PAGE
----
Five things we learned from TikTok’s first ever grilling by politicians - Dexerto

Five things we learned from TikTok’s first ever grilling by politicians

Published: 22/Sep/2020 20:35 Updated: 1/Oct/2020 10:42

by Chris Stokel-Walker


Despite repeatedly declining to testify in front of Congress – which may partly have contributed to the situation that has seen TikTok forced to give away 20% of its company to Oracle and Walmart in the oddest business deal of the year – TikTok was quizzed by politicians in the UK.

The Digital, Culture, Media and Sports Committee, a collection of politicians akin to a UK version of a Congressional hearing, questioned Theo Bertram, TikTok’s European head of public policy, for more than 90 minutes on September 22.

There was a lot of heat, some light – and plenty of light relief, as the politicians showed they struggled to understand some key elements of the app and its technology. Here’s what we learned.

1.6 million videos are posted on TikTok in the UK alone every day

In response to questioning from politicians, Bertram told the committee that in the first six months of 2020, TikTok users in the UK posted more than 300 million videos to the app – equating to 1.6 million every single day.

That’s a huge number, though perhaps not surprising: we know from leaked information published by Business Insider that an estimated five million videos are uploaded every hour worldwide.

Nearly half of TikTok’s UK employees are content moderators

The app published its transparency report just two hours before the hearing began, showing that 105 million videos were taken down from the platform in the first six months of 2020 for violating its policies.

That’s done through a combination of machine learning and human moderation – and we learned for the first time that 363 content moderators are employed by TikTok in the UK alone, out of 800 total employees.

One MP may have inadvertently admitted to looking at

Steve Brine, MP for Winchester, had an interesting line of questioning for Bertram. “Flicking through the TikTok feed this morning before the session, you know, it’s what my mother would have called ‘trashy’,” he said.

“There’s lots of content where mother and daughter… pushing their tushy, if you know what I mean. There’s lots of sexualised content in a clever way. There’s people jumping off piers into the water. Are we not better than that as a society?” Bertram didn’t point out that the videos served on TikTok’s For You page are determined by a user’s past engagement with similar videos.

MPs don’t know the difference between MAC addresses and Mac computers

“TikTok has been accused of accessing information on people’s Apple Macs, on their iPads, on their iPhones,” began one question from another MP, 62-year-old Clive Efford.

“I think the thing you’re referring to is the MAC, which is not actually the Apple Mac,” Bertram kindly corrected in response. “MAC is a feature that allows you to identify the device.”

Bertram doesn’t always like the laws TikTok has to follow

Much of the MPs’ questioning focused on whether Bertram approved of China’s state policies towards Uyghur Muslims, who are oppressed and brutalised by the Chinese state, or its censorship of student protests at Tiananmen Square in 1989.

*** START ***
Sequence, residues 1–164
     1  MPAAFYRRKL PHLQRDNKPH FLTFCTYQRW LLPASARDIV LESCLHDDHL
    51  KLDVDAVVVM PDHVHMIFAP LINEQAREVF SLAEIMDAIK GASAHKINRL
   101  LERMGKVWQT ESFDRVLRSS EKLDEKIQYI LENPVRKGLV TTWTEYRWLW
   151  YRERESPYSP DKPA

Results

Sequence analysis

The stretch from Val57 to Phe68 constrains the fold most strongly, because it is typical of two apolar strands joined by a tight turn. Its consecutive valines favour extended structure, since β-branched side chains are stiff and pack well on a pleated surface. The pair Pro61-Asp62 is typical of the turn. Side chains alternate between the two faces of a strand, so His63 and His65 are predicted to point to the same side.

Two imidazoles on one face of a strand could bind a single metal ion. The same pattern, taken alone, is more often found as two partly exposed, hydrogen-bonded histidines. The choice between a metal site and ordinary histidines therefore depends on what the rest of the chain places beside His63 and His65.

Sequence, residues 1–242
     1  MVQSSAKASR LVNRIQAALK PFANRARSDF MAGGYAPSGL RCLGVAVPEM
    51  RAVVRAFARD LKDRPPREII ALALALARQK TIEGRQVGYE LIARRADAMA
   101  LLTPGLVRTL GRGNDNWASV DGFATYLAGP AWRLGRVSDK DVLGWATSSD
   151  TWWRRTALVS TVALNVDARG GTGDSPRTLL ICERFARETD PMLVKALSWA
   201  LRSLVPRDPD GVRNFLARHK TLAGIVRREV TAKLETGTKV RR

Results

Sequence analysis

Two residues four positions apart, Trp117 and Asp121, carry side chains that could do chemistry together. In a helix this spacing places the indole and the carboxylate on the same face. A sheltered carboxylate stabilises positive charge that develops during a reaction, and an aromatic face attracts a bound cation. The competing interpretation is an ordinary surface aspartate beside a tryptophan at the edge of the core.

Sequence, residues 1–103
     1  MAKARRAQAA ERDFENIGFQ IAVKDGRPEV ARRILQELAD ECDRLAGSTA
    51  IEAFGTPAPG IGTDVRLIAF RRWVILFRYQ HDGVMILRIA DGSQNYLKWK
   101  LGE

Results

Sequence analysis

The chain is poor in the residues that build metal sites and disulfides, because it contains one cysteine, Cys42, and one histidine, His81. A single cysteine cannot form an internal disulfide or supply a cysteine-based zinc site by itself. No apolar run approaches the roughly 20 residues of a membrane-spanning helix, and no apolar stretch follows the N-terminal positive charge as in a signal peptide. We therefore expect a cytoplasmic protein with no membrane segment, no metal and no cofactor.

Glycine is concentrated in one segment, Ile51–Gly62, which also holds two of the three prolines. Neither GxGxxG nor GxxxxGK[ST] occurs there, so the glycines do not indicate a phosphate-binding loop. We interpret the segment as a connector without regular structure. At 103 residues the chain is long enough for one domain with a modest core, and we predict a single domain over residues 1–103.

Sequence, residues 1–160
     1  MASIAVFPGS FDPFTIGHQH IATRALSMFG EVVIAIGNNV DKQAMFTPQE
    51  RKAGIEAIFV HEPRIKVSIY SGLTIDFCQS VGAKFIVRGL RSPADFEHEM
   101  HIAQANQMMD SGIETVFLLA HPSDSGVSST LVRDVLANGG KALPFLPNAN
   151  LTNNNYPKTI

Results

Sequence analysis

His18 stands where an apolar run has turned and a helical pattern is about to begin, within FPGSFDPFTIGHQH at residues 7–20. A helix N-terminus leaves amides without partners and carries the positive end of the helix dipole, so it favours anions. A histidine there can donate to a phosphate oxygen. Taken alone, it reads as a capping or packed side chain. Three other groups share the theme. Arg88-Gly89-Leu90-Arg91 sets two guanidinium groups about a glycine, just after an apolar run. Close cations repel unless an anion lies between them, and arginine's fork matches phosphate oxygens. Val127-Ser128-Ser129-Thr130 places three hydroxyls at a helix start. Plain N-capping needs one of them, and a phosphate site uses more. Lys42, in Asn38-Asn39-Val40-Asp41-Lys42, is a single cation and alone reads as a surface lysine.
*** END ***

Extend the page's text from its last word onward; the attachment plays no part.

The questions were designed to identify the issue with TikTok’s Chinese roots. But more interestingly, Bertram also admitted that the requirement to follow laws elsewhere gives him pause. Asked by John Nicholson MP about whether he was happy TikTok acceded to requests to take down LGBTQ+ content in Russia, Bertram said he agreed. “

The Russian law is terrible,” he said. “I think our communities does, too, and they strongly voice that on the platform. But we unfortunately have to comply with legal requests in the countries we operate.”


Dr Disrespect set to host own gaming award show for “true creatives”

Published: 30/Nov/2020 14:13 Updated: 30/Nov/2020 16:36

by Alex Garton


Dr Disrespect will be hosting a new gaming award show next year that will have a range of unique categories. In his own words, he wants the show to focus on “things that really matter”.

Each year, certain game developers push the boundaries of the industry and create something brilliant. Therefore, it’s only right we have so many awards shows to shine a light on these projects and give them credit.

However, a lot of these ceremonies focus on handing out awards for entire games rather than focusing on the individual elements of a title. By the looks of it, Dr Disrespect is looking to fill this gap with his own reward show that focuses on handing out rewards for specific features gamers like him really care about.

Dr Disrespect
Dr Disrespect has over 3 million subscribers on Youtube.

Dr Disrespect plans to host his own award show in 2021

The most important aspect of an award show is the different categories for each of the accolades.

This is where the Doc is looking to make his ceremony unique and interesting: “I think the game industry needs an award show that focuses on things that really matter.” Rather than focusing on the broader project, the two-time wants to reward the individuals who put these amazing titles together.

A tweet made by the Doc gives some examples of the different categories we could expect from his show.

There’s no doubt it would be exciting to see a popular award show herald some of the individual developers that put these projects together. A lot of the time they do not get the recognition they deserve as most awards are given out for the entire project.

Doc finishes off the tweet by confirming we can expect to see the show at some point next year. It’ll be interesting to see if he hosts the ceremony independently or with an established award show brand.

Either way, it’s great news and to be honest it’s hard to think of a better host for a gaming award ceremony than the Two-Time. Let’s hope the Doc provides us with a specific date in the near future.